Private William Henry Bedford, 2926, King's Own Yorkshire Light Infantry, 1st/4th Battalion
The only likely candidate that can be located for a local H. Bedford, who died in WW1, is a William Henry Bedford of Middlestown. His father was also called William Henry and it is possible therefore that he was known as Henry to differentiate his name from that of his father. His biography follows.
In 1901, William Henry senior and his wife were living with their five children, four sons and a daughter at Cliffe Cottage in Middlestown. William Henry junior was six years old and his siblings were aged between eight and 23 years. The two eldest sons, Francis and Ernest, were working as an engraver and stone mason respectively.
William Henry Bedford senior died in Summer 1907 and by 1911 his widow, Mary, was living in Middlestown with her three youngest children, including William Henry who was by now working as a colliery clerk. His elder brother, Cecil, was working as a bank clerk and his only sister, Dorothy, was working at a school as a part-time teacher.
William Henry Bedford’s army service record has not survived, but it is known that he voluntarily enlisted at Wakefield and joined the 1st/4th Battalion, King’s Own Yorkshire Light Infantry Regiment (KOYLI). His regimental service number was 2926, which suggests that he was an early recruit to the 1st line 4th KOYLI Territorial Battalion and after a period of training he embarked for France on the 13th April 1915.
The 1/4th Battalion of KOYLI was formed in August 1914 at Wakefield and became a part of the 3rd West Riding Brigade, West Riding Division. They moved on mobilisation to Doncaster and in November 1914 to Gainsborough then to York in February 1915. On the 12th April 1915 they landed at Boulogne and on the 15th May 1915 the formation became 148th Brigade, 49th (West Riding) Division.
Private William Henry Bedford died of his wounds on the 14th July 1916. The Commonwealth War Graves Commission records that he is remembered at St. Sever Cemetery, Rouen which was a military camp and hospital base during WW1. This suggests that William Henry was hospitalised to Rouen after being wounded whilst fighting alongside his colleagues on the Somme earlier on the 7th July 1916.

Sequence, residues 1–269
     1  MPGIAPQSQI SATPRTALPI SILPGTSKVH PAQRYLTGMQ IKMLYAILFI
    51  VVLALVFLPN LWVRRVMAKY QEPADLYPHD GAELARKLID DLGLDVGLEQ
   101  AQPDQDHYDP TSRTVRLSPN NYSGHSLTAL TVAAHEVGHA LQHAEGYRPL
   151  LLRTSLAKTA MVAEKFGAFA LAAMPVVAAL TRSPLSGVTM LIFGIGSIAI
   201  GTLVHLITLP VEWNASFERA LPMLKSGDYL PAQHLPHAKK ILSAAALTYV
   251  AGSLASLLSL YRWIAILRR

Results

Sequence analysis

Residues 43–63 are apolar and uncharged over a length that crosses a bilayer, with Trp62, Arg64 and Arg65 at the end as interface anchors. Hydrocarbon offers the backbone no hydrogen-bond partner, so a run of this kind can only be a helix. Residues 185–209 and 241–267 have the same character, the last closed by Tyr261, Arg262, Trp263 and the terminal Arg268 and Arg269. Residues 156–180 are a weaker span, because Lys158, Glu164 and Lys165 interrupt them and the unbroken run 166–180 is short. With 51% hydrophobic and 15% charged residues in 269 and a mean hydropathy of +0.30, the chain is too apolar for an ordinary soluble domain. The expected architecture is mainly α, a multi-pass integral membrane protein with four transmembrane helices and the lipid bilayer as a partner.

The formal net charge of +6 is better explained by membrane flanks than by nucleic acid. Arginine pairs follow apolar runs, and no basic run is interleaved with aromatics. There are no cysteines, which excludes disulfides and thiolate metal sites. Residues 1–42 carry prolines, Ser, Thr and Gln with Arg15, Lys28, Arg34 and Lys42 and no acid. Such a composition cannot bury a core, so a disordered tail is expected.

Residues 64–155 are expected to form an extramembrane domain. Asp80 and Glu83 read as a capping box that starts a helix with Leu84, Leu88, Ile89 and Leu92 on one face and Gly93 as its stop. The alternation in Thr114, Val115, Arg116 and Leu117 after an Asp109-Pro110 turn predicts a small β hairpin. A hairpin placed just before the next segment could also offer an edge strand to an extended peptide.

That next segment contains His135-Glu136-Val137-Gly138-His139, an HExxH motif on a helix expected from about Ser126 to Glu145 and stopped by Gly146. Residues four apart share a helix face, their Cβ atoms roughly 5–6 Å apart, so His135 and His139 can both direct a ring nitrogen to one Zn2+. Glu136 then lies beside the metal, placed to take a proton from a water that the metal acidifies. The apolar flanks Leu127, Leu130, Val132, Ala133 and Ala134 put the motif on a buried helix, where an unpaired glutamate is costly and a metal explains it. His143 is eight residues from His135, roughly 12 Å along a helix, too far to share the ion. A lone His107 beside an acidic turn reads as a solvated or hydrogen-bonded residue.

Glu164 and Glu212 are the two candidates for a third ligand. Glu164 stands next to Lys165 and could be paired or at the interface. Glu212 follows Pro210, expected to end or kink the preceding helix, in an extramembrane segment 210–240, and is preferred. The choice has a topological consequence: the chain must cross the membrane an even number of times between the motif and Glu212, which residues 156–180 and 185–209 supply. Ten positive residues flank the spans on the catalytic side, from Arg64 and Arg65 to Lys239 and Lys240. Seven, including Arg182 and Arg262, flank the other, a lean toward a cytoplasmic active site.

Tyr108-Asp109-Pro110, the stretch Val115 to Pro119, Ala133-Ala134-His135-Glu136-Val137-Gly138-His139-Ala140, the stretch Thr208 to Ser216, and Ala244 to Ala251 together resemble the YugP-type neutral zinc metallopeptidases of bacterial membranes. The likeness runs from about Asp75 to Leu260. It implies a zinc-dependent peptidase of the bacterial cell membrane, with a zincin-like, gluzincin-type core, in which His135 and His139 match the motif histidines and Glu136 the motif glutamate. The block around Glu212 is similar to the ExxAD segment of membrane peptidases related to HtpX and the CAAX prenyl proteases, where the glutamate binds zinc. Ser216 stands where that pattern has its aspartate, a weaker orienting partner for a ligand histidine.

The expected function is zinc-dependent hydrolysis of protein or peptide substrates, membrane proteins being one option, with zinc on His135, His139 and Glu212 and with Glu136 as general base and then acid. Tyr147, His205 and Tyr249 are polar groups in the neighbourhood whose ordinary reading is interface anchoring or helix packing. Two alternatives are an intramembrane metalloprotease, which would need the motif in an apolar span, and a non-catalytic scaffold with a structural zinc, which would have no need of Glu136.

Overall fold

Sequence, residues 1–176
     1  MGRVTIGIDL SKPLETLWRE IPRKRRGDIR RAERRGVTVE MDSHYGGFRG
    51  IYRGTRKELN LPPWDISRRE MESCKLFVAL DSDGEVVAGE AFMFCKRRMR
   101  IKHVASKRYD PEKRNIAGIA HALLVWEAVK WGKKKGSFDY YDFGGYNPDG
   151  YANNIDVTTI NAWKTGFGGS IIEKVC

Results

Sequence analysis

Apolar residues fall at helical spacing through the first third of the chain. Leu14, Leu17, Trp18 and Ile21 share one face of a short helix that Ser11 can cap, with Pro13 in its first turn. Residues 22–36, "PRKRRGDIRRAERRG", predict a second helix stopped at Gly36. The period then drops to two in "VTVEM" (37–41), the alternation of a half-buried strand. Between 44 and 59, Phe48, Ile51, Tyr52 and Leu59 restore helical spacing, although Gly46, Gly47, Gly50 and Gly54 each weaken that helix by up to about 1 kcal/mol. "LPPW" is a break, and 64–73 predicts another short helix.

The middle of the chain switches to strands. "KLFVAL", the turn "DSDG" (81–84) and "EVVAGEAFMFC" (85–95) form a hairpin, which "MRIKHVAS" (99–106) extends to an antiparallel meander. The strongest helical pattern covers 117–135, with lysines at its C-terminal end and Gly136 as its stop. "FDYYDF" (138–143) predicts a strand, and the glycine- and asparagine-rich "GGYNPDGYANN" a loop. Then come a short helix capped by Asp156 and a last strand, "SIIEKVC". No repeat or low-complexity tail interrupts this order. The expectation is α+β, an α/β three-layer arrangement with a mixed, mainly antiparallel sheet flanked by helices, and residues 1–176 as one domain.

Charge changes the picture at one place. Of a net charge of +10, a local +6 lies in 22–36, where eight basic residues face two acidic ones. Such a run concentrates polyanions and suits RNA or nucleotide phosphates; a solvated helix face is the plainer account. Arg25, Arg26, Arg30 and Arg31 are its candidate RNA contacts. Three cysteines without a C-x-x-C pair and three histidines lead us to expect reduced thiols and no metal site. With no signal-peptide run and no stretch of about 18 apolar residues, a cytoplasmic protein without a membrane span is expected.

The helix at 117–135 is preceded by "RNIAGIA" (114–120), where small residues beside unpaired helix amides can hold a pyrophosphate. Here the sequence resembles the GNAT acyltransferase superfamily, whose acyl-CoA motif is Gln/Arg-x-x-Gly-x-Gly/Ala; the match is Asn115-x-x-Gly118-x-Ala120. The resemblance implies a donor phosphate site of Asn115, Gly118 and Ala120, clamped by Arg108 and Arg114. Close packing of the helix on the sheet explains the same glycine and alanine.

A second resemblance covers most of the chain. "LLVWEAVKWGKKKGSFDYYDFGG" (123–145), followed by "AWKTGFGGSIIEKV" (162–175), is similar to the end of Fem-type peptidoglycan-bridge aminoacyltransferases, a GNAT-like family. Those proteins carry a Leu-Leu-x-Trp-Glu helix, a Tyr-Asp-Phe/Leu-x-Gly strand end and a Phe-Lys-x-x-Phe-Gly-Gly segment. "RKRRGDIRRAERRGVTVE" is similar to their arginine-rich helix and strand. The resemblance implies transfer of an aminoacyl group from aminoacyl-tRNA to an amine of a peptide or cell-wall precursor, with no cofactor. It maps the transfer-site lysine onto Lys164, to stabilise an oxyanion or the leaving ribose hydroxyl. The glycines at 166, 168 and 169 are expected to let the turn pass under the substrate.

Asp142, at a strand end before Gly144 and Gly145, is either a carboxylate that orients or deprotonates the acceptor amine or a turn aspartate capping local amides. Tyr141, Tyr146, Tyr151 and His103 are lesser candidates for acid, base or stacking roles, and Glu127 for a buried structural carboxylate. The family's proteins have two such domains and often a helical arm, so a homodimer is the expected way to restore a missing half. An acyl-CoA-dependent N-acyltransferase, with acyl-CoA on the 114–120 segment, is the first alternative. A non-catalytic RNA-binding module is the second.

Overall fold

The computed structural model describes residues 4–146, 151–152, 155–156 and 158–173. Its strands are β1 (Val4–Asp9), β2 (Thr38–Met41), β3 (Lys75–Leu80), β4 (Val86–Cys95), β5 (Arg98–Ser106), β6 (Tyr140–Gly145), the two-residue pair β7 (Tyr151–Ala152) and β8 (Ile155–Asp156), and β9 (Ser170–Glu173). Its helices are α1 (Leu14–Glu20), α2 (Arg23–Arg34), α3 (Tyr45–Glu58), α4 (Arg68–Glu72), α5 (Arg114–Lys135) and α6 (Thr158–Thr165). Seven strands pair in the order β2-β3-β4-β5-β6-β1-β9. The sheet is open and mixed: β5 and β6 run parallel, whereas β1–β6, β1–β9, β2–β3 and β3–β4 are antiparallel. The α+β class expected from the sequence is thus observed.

This is confirmed by the 1st/4th KOYLI Regimental War Diary, which records that the Battalion was behind the lines between the 8th & 20th July 1916. The War diary records the following movements on the 7th July 1916:
"1/4th (T.F.) 148th Brigade, 49th (West Riding) Division. In reserve at Aveluy Wood (1/7) - moving up to Thiepval Wood during evening and from there taking up positions for attack at midnight. Assault cancelled and back to Aveluy Wood. To Thiepval Wood (2/7), front line (4/7). Enemy attack drive off. Bombing attacks (5/7). Came under attack (7/7) - many casualties from new German "Egg" bombs. To Martinsart Wood (8/7), Hedauville (11/7)"
There is also an account of heavy fighting by the 1st/4th KOYLI on July 7th 1916: 1
"The Germans delivered a textbook artillery bombardment as a prelude to an attack in the first hour of the next day, July 7th. At 2 am, their guns were turned on the 1/4th KOYLI in the A lines and 50 minutes later shells began landing in the communication and support lines as they attempted to choke off the possibility of KOYLI reinforcements reaching the front line 2.50am. Enemy bombers advanced down the trenches towards A18 and A16 and across the open to A17. Furious fighting took place till 6.30am with lots of casualties from bombers and snipers who shot our men as they fired and threw bombs out of the trenches."